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Both water and bismuth have denser liquids compared to solid forms, and we know water is the densest at the temperature of about 4°C.

Does the same thing apply to bismuth? Of course, I know the melting point of bismuth is about 271° C. So the temperature of interest should be around it I think.

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  • $\begingroup$ The reasons that water has that density anomaly do not apply to bismuth. NIST has tabulated density values to peruse at your leisure. $\endgroup$
    – Jon Custer
    Commented Jun 15, 2023 at 1:47
  • $\begingroup$ So what's the reason for bismuth? $\endgroup$
    – user85778
    Commented Jun 15, 2023 at 1:52
  • $\begingroup$ I guess I'm a bit confused - do you mean the liquid being denser than the solid, or that water is densest at about 4C? $\endgroup$
    – Jon Custer
    Commented Jun 15, 2023 at 13:10
  • $\begingroup$ Both. And in the case of bismuth it's densest at about 310C based on the paper in Nilay Ghosh's answer. While in the case of antimony there's no such an anomaly but its liquid form is also denser. $\endgroup$
    – user85778
    Commented Jun 15, 2023 at 13:15
  • $\begingroup$ For water at 4C, see chemistry.stackexchange.com/questions/81756/…. For the rest, you need to understand that thermal expansion coefficients of many (well, all really) materials are not a constant and can even change sign. Why? the shape of the potential well the atoms find themselves in. $\endgroup$
    – Jon Custer
    Commented Jun 15, 2023 at 13:22

1 Answer 1

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The densities of Sb and Bi melts were investigated by an improved Archimedean method. The results show that the density of the Sb melt decreases linearly with increasing temperature, but the density of the Bi melt firstly increases and then decreases as the temperature increases. There is a maximum density value of $\pu{10.002 g/cm^3}$ at 310 ℃ ,about 39 ℃ above the melting point. The temperature dependence of the Sb melt is well fitted with the expression $\pu{ρ = 6.8590 - 5.8105 × 10^{-4} T}$ , and that of the Bi melt is fitted with $\ce{ρ = 10.3312 - 1.18 ×10^{-3} T}$.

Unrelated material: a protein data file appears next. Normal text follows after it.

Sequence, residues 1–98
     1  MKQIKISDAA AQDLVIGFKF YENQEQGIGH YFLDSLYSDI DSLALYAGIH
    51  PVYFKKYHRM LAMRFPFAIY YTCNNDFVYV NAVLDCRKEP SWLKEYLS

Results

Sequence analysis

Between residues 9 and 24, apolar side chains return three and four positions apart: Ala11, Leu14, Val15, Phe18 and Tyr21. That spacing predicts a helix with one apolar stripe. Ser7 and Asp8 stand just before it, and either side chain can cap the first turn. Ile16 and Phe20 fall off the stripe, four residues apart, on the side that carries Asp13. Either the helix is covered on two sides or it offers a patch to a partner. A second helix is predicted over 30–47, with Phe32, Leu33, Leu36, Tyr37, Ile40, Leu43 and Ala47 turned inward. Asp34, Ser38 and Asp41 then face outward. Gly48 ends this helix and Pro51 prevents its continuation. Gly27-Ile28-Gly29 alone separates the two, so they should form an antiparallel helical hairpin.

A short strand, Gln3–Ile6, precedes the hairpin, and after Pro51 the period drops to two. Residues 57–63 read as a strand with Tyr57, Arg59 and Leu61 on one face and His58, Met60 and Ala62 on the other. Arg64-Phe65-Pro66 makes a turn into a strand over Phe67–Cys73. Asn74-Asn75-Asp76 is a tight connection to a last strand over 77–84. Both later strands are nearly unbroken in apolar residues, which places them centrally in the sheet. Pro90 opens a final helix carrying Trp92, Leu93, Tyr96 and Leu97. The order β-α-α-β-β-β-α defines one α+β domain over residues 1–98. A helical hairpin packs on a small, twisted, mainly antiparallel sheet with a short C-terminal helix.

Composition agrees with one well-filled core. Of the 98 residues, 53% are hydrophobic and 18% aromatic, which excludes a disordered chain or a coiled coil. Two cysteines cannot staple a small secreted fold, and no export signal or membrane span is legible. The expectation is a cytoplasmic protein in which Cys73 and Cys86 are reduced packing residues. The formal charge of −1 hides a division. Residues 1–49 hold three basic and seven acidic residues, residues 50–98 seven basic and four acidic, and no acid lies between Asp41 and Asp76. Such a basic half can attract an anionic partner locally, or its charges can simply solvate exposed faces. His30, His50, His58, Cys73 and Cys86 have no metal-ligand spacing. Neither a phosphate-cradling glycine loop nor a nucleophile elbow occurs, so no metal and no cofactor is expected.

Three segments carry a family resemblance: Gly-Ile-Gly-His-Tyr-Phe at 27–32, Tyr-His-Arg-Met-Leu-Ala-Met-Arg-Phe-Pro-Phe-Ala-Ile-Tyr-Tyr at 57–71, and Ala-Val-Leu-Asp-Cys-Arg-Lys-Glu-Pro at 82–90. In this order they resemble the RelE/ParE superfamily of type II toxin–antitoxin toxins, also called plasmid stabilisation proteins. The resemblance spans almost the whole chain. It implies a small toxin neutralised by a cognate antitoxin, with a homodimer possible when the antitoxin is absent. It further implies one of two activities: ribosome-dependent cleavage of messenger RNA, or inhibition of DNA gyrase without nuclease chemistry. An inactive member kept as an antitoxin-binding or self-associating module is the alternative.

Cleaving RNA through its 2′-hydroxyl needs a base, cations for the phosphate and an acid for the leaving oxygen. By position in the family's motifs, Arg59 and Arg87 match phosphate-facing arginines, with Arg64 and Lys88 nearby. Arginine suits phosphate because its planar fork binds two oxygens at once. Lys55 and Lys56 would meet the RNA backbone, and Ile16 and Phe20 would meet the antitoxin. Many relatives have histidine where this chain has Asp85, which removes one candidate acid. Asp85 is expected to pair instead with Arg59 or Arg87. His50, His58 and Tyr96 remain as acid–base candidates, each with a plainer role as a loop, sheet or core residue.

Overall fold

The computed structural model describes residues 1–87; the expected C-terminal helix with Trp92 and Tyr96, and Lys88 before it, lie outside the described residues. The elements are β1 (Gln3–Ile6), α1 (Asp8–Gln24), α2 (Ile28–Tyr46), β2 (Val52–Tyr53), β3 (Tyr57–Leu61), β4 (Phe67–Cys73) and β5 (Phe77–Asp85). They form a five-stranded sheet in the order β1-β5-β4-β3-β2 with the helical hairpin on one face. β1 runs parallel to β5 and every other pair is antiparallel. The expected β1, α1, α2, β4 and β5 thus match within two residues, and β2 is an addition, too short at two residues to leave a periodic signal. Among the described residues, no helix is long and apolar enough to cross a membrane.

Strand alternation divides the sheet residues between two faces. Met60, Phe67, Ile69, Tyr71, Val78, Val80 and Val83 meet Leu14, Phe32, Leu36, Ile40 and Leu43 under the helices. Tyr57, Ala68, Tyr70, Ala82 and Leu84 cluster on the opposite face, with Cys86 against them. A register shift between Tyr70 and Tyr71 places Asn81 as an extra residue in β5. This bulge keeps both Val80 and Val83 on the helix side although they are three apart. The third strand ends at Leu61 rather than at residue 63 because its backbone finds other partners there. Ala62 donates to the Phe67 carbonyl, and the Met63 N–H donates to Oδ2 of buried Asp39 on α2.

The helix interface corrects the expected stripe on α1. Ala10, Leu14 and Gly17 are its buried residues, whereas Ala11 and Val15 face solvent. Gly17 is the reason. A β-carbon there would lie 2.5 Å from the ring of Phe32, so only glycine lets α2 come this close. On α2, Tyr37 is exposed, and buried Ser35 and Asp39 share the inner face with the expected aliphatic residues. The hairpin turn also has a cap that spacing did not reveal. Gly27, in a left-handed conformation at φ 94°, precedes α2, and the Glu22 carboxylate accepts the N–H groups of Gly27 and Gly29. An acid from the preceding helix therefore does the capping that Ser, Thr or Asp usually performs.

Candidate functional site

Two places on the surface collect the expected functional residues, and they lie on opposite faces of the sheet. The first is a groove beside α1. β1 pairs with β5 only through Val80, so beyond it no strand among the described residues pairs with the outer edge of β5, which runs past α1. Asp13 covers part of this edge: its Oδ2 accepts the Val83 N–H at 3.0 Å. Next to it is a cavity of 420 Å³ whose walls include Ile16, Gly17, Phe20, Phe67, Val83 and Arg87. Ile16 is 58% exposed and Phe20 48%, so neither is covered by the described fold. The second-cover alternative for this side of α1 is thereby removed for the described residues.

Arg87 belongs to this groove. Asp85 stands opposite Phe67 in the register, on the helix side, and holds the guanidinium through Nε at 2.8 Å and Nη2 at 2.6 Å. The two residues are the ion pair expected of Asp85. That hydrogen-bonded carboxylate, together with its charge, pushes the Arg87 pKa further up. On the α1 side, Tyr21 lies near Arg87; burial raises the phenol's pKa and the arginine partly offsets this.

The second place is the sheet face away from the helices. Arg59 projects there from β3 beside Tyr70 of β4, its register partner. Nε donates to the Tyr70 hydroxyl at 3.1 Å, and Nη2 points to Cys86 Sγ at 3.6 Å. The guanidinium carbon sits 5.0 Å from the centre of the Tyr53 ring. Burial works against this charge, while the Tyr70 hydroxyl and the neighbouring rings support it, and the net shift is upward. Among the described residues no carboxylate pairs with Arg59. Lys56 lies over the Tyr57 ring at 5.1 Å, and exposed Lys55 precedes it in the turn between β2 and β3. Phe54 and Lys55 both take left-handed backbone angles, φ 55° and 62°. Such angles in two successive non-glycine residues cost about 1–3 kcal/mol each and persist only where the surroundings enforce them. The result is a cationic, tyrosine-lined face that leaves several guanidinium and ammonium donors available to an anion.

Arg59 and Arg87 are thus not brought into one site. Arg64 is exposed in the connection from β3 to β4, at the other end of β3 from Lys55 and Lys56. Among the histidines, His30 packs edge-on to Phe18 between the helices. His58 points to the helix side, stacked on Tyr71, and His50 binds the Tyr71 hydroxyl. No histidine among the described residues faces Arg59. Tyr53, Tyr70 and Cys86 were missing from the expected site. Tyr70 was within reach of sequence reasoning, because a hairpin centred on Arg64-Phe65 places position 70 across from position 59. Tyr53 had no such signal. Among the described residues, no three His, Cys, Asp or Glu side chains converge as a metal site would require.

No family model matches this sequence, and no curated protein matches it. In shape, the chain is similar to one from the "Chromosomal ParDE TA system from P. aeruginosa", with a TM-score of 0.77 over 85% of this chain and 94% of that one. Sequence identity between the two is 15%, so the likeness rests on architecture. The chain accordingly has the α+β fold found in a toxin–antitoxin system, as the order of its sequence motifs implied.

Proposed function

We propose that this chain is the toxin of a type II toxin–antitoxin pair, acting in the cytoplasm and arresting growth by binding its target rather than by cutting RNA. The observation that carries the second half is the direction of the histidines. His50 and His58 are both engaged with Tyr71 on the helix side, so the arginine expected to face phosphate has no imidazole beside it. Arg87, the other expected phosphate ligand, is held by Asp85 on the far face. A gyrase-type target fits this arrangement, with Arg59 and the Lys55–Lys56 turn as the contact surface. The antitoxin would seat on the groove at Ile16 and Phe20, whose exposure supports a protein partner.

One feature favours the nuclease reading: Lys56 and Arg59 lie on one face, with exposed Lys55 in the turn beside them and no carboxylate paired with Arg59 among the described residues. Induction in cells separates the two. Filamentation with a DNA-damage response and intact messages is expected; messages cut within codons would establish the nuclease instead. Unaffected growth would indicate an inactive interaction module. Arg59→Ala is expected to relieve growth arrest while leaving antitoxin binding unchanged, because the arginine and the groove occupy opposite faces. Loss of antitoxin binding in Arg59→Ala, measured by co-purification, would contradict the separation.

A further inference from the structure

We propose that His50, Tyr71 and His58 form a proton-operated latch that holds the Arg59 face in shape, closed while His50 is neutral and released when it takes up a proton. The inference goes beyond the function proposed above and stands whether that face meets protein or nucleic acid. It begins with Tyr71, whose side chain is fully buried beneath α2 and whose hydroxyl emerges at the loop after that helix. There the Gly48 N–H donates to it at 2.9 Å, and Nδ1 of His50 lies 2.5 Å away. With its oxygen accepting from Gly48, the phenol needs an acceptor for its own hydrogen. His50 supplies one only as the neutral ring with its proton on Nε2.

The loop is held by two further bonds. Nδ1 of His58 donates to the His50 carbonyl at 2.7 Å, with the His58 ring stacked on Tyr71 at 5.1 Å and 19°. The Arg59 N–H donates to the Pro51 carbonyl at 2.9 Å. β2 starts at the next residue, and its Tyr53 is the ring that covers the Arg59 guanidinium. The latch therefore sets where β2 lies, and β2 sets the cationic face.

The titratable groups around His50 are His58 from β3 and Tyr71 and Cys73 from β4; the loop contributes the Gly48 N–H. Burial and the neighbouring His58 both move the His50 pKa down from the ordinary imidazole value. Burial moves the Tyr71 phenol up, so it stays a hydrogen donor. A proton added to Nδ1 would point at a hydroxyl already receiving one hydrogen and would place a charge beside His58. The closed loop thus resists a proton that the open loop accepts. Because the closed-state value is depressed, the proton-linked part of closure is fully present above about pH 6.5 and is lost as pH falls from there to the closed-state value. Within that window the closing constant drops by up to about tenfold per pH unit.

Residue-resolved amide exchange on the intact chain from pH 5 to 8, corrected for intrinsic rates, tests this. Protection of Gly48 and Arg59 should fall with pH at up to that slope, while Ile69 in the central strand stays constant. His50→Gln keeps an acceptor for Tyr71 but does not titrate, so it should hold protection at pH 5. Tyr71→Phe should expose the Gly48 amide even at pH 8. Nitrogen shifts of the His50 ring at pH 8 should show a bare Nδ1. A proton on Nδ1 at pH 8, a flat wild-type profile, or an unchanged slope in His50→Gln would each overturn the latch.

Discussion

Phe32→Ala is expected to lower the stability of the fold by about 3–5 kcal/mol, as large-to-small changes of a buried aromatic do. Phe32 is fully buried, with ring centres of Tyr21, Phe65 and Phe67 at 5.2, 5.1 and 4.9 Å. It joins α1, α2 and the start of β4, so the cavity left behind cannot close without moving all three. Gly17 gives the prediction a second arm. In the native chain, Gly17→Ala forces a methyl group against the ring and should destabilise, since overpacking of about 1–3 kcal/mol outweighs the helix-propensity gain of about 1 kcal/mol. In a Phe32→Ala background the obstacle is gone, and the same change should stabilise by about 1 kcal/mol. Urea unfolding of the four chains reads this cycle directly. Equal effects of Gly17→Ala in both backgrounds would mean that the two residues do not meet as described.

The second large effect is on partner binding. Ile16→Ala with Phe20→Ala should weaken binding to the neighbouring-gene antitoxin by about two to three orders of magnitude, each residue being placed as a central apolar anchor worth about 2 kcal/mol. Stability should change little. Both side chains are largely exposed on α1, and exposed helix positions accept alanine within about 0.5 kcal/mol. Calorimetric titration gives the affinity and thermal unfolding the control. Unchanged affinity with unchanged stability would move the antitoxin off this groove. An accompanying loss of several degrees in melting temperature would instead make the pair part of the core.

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Source: Geng, Haoran & Sun, Chunjing & Wang, Rui & Qi, Xiaogang & Zhang, Ning. (2007). Temperature dependence of densities of Sb and Bi melts. Chinese Science Bulletin. 52. 2031-2034. DOI: 10.1007/s11434-007-0309-7

Also see:

  1. Greenberg, Y. & Yahel, Eyal & Caspi, E. & Benmore, Chris & Beuneu, B. & Dariel, M.P. & Makov, Guy. (2009). Evidence for a temperature-driven structural transformation in liquid bismuth. EPL (Europhysics Letters). 86. 36004. DOI: 10.1209/0295-5075/86/36004.
  2. Tournier, R.F. Multiple Glass Transitions in Bismuth and Tin beyond Melting Temperatures. Metals 2022, 12, 2085. DOI: 10.3390/met12122085
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  • $\begingroup$ Why does this say the density of liquid bismuth is 10.067 g/cm$^3$ which is bigger than 10.002? Also, there is another article saying the number as 10.022. $\endgroup$
    – user85778
    Commented Jun 15, 2023 at 2:59
  • $\begingroup$ @SnackExchange You should check latest papers which has improved measurement techniques. Density of bismuth around melting point is just above 9.9 g/cm3 which goes to maximum value of 10.002 g/cm3 at around 310 C (the ref.2 has a better graph). The Wikipedia article needs to have the values corrected. $\endgroup$ Commented Jun 15, 2023 at 3:02
  • $\begingroup$ When I plugged temperatures in the density formula of bismuth, I found the temperature should be about 280 K in order to have a density of about 10 g/cm$^3$. But when we put 583 K (310 C) the answer is about 9.6! How can it be explained? $\endgroup$
    – user85778
    Commented Jun 15, 2023 at 13:26
  • $\begingroup$ @SnackExchange If you follow the paper, it says that in the range of m.p. and 310 C, the equation is $\mathrm{ρ = 9.44903+1.73×10^{−3} T}$ giving density value within 1.3% error. Above 310 C, the equation is $\mathrm{ρ =10.3312−1.18×10^{−3} T}$ $\endgroup$ Commented Jun 17, 2023 at 3:58

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